This section is from "The Horticulturist, And Journal Of Rural Art And Rural Taste", by P. Barry, A. J. Downing, J. Jay Smith, Peter B. Mead, F. W. Woodward, Henry T. Williams. Also available from Amazon: Horticulturist and Journal of Rural Art and Rural Taste.
The Garden* in discussing lately the best season for transplanting house plants, says, it is when the plants are about to pass from a state of rest into a condition of fresh growth, that is, early in spring. Another favorable time is at the end of the first growth in spring, and before the plants (as is the case with many evergreens, such as Camellias, Azaleas, etc.) commence to form the buds for the following year. Transplanting at the time when the plant is in full growth should be avoided, as it disturbs the growth of the plant, and the young shoots are frequently injured, and sometimes quite destroyed. It is only to be recommended when individual 'The Horticulturist and Journal specimens of speedy growth are grown for exhibition, and for this purpose are transplanted several times in the course of the summer. Transplanting in autumn is especially to be avoided in the case of room plants, as the new soil does not become filled with roots during the winter, and consequently, becomes sour and spoiled; and, if not watered with great care the plants will become sickly, or perish completely. There are a few exceptions to this; as, for instance, bulbous plants, which are kept dry late in summer, and are intended for winter blooming, and some other plants which are to be forced in winter.
We would especially remark that the result of forcing will be so much the more certain, the earlier this transplanting takes place, in autumn or late summer.
In the common practice of a transplanting, fine, healthy specimes are sought to be raised in pots which are proportionately not too large. Plants which have their ball only so far filled with roots that a few small ones reach the side of the pot, should not be transplanted so long as these roots are healthy, and the soil of the. ball is fresh and does not give out a sour smell; which, as we have seen before, is the result of an unhealthy and injurious condition.
Where the soil is spoiled, or the young roots are unhealthy, or, as is frequently the case in good culture, the entire ball becomes so full of roots that it seems to be thickly covered with threads, the plants should be transplanted. Therefore, before proceeding to transplant, the condition of the ball should be examined. This should be done very carefully, so that in case no change is necessary, the ball may be replaced in the pot without injury. With small plants this examination is best effected in the following manner: The left hand is spread over the top of the pot, allowing the stem of the plant to come between the fingers. The pot is then taken in the right hand and reversed. The edge is then carefully struck against the corner of a table or board, so as to loosen the pot from the ball; the pot is then lifted off and the ball examined. In the case of larger plants, the soil is first of all allowed to become somewhat dry, then the plant is seized by the lower part of the stem and lifted along with the pot. The pot is gently struck on the rim with the hand or a piece of wood, and so carefully separated from plant.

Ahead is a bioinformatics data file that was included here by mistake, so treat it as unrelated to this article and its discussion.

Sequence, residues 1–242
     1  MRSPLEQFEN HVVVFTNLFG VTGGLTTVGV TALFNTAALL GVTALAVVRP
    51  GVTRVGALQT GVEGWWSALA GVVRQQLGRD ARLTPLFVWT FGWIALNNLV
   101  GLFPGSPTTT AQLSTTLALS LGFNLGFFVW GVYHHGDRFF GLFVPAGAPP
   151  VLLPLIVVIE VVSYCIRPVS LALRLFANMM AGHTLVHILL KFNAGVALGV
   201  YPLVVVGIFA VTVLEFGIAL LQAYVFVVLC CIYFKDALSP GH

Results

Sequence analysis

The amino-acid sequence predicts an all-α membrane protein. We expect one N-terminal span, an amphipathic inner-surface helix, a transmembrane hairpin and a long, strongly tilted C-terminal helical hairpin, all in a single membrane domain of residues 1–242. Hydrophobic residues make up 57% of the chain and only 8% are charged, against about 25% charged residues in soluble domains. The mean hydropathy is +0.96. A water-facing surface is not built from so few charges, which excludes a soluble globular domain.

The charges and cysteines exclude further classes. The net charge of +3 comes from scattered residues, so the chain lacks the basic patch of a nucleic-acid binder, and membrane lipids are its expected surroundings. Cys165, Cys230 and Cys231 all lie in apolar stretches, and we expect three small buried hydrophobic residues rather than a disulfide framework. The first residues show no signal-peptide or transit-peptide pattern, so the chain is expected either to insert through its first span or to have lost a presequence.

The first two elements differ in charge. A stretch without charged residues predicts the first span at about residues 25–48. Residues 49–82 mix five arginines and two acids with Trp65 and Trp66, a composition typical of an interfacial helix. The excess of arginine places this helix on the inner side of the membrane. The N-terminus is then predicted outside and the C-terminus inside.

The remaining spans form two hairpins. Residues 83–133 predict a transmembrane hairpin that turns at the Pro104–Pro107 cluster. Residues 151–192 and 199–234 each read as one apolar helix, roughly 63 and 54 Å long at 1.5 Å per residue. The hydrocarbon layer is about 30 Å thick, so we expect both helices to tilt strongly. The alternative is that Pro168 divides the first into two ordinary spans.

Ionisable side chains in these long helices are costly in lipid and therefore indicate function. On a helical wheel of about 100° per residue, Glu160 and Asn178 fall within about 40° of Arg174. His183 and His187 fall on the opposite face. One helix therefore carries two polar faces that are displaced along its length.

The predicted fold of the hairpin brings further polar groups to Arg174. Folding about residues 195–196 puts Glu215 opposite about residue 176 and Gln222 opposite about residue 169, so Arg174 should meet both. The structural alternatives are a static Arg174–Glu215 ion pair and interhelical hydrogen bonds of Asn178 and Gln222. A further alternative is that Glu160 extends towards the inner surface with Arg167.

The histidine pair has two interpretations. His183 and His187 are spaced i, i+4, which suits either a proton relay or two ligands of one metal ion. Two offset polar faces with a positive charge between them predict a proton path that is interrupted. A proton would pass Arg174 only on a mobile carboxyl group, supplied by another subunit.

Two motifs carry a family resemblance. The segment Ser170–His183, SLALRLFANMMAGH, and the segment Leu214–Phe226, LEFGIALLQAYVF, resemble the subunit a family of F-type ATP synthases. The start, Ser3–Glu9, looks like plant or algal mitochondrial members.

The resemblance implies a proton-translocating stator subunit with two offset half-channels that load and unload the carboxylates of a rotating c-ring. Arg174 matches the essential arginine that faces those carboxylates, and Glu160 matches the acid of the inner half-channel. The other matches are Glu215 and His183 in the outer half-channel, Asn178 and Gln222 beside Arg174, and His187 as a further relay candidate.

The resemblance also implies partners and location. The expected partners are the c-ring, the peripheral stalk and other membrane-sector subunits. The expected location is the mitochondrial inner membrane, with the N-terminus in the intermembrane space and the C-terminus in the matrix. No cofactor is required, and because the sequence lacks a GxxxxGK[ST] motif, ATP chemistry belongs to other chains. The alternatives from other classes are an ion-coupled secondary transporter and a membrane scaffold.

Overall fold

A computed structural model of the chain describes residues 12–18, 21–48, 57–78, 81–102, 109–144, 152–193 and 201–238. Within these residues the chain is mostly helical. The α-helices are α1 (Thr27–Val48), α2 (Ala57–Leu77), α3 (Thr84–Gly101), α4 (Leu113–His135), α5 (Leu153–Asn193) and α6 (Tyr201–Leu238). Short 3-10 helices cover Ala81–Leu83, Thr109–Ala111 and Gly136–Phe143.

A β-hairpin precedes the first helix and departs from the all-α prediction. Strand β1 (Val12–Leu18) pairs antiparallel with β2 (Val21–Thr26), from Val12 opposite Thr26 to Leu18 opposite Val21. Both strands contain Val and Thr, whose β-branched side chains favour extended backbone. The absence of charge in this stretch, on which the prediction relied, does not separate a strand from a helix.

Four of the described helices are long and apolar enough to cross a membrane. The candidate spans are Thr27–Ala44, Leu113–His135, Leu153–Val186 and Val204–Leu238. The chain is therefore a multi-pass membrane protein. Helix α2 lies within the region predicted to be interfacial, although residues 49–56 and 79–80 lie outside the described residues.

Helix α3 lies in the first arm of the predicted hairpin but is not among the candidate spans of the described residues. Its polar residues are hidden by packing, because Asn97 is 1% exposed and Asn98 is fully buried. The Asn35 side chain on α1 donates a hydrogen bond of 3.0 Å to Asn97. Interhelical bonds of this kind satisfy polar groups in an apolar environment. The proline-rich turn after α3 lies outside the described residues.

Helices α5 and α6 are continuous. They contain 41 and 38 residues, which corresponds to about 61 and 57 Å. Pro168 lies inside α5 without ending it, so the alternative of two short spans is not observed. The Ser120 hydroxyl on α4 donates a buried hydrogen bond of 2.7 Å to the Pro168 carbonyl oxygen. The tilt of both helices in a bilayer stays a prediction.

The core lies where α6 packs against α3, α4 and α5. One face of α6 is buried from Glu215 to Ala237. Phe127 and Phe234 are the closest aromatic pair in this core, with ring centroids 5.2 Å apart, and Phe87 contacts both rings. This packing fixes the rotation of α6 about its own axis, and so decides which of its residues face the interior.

When a ball filled with roots will not readily separate from the pot, a knife should be passed round the edge as deep as it will go; this will greatly facilitate the operation.
Lastly, plants in large wooden tubs or boxes should only be transplanted when an examination of the ball from above shows that transplanting is absolutely necessary. The vessels are removed either by taking off the hoops of the tubs, or by taking the boxes to pieces, or else by first passing a long knife round the ball to loosen it, and then turning the vessel on its side and carefully drawing out the plant. After the ball has been carefully removed it should be reduced in size, by removing the spoiled and exhausted soil, in order to give the plant as much fresh, good, soil as possible, without having to place it in too large a pot or other vessel, which, especially in room-eulture, would be very inconvenient. For this purpose the earth round the ball is loosened by means of a sharp-pointed stick, and is shaken out from the roots, so that the ball may be rounded above and below, and its diameter reduced to three-fourths or two-thirds of its former size. If there is an underlayer of potsherds, etc., it must be entirely removed. The boards should then be trimmed round with a sharp knife. In sickly plants the roots will be more or less decayed in parts. These parts must be cut back until sound wood is reached.